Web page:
With cybercrime on the rise, even our office technology is at risk and can be targeted by a host of hackers, spyware, malware, viruses, and more. The following is a list of devices you should keep secure around the office.
1. Laptop & computers
Not securing a computer around the office could let a hacker easily access confidential company files and data, or bog down your device with spyware from spam emails or sites. Hackers are becoming more sophisticated in their approach and have learned to target the emails of others, hoping that their friends, acquaintances, and/or coworkers will open their dubious links if they are sent from a recognized source. Frequently update your software and trusted applications so hackers can’t exploit old glitches in your device systems. Encrypt any additional devices that work with your computers, such as flash drives, for added security.
Smartphones are quickly becoming as advanced as nearly any computer, making it important to secure these devices from cyberattacks. Be wary of text messages from strange numbers, particularly those that request information or provide an unknown link to click on. Much like the email method above, this is one tactic that cyber-attackers are using to place spyware or viruses on your phone to gain access to data or prevent some systems from working properly.
Another potential vulnerability of smartphones is through the Bluetooth capability. By leaving your Bluetooth on, especially when using unsecured Wi-Fi, hackers can see the networks you’ve previously connected through the Bluetooth. Lastly, if your smartphone does get hacked, it can be used to create an open gateway between smartphones (i.e. the hacker’s device), making sharing data from your device to another relatively easy.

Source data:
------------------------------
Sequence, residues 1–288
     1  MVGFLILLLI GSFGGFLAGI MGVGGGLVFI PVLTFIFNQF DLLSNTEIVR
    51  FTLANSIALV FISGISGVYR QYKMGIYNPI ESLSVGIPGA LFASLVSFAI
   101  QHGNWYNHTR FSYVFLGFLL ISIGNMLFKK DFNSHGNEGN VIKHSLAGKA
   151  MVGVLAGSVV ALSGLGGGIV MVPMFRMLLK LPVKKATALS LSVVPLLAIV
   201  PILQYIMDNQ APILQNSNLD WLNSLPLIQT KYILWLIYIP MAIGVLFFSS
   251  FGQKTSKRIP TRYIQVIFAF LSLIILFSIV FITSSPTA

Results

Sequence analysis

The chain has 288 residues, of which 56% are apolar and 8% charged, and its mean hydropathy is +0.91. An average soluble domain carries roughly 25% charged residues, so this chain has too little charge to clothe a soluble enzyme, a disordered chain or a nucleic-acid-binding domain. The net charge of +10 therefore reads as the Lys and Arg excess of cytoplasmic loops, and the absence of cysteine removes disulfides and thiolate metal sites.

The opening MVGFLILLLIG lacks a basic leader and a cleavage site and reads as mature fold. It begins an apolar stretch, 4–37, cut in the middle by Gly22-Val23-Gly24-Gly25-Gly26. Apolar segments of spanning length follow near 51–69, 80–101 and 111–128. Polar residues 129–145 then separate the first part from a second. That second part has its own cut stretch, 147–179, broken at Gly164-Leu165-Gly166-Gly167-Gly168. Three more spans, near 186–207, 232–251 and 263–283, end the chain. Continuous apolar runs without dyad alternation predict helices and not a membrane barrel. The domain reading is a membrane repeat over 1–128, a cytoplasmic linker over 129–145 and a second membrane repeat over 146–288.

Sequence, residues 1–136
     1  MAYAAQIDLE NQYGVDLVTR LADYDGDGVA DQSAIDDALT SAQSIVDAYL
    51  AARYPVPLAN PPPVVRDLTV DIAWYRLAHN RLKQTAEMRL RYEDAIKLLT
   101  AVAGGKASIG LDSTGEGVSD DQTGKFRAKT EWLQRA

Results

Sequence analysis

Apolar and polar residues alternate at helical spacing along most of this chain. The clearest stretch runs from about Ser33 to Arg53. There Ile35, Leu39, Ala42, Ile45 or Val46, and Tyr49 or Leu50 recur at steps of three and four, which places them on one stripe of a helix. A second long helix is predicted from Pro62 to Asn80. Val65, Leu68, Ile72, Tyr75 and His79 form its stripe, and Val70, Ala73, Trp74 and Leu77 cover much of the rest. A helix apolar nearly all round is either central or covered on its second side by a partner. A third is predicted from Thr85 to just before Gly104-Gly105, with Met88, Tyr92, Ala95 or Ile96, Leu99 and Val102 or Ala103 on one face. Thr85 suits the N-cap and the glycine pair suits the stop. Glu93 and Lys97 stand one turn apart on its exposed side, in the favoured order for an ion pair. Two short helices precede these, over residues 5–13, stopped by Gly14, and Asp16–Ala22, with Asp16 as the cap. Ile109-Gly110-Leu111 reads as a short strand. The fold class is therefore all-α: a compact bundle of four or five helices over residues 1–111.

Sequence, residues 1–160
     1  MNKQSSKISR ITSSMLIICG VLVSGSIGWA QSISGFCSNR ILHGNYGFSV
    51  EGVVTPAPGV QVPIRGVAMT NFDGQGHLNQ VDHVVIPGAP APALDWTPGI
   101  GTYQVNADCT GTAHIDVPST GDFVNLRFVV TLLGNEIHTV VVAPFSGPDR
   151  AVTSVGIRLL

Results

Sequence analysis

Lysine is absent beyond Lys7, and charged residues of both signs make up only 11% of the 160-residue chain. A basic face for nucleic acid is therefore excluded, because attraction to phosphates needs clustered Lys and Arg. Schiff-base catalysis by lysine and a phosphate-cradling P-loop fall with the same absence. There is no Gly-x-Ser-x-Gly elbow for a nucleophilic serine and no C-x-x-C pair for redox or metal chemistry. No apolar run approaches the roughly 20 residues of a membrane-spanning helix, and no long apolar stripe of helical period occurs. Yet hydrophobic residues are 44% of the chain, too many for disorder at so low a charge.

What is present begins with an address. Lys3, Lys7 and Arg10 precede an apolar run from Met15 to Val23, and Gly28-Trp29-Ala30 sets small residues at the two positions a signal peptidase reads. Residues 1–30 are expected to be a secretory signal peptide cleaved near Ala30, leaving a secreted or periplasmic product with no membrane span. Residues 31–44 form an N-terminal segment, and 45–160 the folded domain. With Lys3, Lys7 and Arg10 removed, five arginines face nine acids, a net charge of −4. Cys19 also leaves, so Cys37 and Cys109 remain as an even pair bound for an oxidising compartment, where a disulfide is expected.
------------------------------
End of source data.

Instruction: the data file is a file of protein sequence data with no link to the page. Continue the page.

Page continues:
Allowing unsolicited access to your printer is nearly equivalent to leaving a history of your printed documents out in the open. Wireless printers can be hacked through an unsecure network via malware letting the intruder see your print jobs, including any sensitive information they might contain.
Tablets, much like computers, are another office device that can be hacked for data. Beware of suspicious applications in the app store that might install more than just a desired program on to your device. Although iOS tablets are more difficult to hack than their other counterparts, any device is equally exposed when you download risky apps. If you need to install an application on your device, do some research. Check out the reviews and read up on any possible glitches it might have to ensure it can be trusted, since it requires your permission to download.
Having unsecured routers and modems can allow hackers to create ad redirection for Internet sites. This means instead of being able to regularly use sites that you want/need, you will be sent elsewhere. Ad redirection is used so that cyber-attackers can get clicks on undesired sites or send you to phishing sites where they are able to steal credentials.
Additionally, having an unsecured network is a major gateway to leaving your other devices vulnerable to hacking. Set up a secure Wi-Fi network that requires proper credentials (WPA2/PSK) to log-in and keep this information limited only to those who must use it. A guest network (if applicable) should remain separated from the main one.
More tips for shielding your devices:
- Install a reliable security/antivirus program on your devices and keep it updated.
- Avoid clicking on mysterious links in emails, text messages, and other forms of messaging communication.
- Create multiple backups of data for files and more in the event of a cyberattack
- Frequently change passwords (including a device’s default). Make them lengthy and complex with a variety of characters.
Keep up with our blog for other security-related tips your office can employ.